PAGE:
Oh, and wait till you hear where:

Last October, a collapse accident at a construction site for a new National Defense Commission Building, saw 80 people lose their lives, according to a Tokyo Shimbun report from today.

The paper, citing information obtained by a South Korean government official through a source in North Korea, reported the victims were mostly laborers and soldiers affiliated with the military.

It added that in order to prevent the accident scene from appearing in satellite imagery, military authorities were tasked with clearing the wreckage within 48 hours. [Daily NK]

Such a pity that this had to happen before the NDC members moved in and kill construction workers instead.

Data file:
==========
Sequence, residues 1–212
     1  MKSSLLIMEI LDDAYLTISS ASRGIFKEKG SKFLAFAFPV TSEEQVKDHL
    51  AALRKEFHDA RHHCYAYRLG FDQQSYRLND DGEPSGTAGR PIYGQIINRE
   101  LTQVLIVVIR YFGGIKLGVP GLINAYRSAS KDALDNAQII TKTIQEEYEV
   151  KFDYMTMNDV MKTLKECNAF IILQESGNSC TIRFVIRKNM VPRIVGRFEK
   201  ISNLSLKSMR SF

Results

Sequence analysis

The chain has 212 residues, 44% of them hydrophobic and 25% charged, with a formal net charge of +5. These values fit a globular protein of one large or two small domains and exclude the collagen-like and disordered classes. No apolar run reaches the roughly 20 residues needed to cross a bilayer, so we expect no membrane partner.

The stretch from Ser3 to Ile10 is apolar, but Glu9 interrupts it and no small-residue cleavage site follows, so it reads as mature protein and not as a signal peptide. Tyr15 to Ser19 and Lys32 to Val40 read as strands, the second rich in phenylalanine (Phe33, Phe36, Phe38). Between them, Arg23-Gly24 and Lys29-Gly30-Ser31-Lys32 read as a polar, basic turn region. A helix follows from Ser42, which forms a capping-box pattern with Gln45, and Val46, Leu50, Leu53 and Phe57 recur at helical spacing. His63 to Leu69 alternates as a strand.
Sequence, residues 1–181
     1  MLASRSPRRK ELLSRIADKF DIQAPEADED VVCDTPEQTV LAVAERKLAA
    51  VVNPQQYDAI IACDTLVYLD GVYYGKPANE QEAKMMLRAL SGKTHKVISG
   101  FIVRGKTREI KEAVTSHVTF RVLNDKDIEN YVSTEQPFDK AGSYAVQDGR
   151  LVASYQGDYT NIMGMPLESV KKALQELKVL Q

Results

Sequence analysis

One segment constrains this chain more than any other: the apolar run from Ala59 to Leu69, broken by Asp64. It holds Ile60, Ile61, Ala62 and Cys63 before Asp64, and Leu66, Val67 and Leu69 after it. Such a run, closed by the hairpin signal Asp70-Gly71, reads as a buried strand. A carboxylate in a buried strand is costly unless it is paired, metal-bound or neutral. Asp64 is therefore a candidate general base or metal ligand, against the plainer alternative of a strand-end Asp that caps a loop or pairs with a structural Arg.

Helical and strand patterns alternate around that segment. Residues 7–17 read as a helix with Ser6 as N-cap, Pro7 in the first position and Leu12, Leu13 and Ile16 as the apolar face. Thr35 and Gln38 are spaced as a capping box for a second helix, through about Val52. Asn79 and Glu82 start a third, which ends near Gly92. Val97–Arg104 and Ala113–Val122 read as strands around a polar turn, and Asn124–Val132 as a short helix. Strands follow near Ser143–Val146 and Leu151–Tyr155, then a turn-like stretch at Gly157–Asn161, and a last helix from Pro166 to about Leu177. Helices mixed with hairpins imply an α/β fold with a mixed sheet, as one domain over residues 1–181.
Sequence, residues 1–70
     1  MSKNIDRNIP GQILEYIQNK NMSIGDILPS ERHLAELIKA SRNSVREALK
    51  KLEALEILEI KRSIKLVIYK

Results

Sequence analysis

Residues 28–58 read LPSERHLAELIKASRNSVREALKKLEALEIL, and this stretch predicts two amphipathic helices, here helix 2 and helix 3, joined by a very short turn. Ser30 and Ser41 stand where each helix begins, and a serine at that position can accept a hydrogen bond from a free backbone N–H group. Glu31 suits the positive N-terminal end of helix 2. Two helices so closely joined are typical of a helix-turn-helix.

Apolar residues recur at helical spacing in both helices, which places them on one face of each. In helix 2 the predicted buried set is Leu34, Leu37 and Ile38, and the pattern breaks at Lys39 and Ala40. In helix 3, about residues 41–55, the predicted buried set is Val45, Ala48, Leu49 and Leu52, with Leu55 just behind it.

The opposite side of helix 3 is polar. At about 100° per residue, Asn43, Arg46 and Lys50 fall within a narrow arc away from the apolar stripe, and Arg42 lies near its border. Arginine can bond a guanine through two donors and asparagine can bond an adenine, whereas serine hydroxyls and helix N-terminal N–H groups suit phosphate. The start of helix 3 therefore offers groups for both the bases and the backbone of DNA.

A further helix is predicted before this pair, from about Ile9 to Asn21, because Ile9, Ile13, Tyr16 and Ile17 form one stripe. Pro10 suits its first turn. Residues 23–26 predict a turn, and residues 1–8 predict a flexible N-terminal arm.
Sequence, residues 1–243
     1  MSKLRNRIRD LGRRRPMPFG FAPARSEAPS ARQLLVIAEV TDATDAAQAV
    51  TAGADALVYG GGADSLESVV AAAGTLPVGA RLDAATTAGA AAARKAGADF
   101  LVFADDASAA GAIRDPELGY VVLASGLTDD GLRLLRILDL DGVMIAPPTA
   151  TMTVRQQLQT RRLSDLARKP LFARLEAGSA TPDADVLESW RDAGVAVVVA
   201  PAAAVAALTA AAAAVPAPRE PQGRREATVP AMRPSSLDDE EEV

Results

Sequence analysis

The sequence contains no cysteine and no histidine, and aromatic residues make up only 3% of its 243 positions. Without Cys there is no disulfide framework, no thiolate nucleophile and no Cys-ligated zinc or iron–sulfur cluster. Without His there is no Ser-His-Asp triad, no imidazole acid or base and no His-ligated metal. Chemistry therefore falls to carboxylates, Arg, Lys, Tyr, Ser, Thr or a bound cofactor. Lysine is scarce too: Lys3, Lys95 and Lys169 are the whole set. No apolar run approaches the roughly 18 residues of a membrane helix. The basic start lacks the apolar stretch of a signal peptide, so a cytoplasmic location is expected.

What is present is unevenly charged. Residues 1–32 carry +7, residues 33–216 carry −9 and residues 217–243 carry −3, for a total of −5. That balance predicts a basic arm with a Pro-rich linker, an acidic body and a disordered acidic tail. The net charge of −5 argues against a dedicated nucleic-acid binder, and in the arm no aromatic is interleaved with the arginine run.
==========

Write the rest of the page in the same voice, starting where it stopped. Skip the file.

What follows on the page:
I even reserve some pity for poor Eric Talmadge, the AP’s Pyongyang Bureau Chief, who must now tolerate another week of being scooped by upstart NK News and various guerrilla news sites, blog posts by Curtis with before-and-after imagery of the site, and my own insufferable taunts glibly suggesting that Talmadge drive to the site to debunk this unverified rumor with on-the-scene shoe-leather reporting.

Maybe the report is true and maybe it isn’t, but it’s certainly worth knowing if it is. A second fatal collapse in one year–especially at a site this critical to the regime–would be big and bad news for any leader who associated himself so closely with this crash (pun intended) construction program.

What I’d ask Jean Lee if I could

So Jean Lee is going to be at this event at the Woodrow Wilson Center in D.C. this afternoon, but I’m down with the flu. Assuming she takes questions, maybe one of you can ask instead.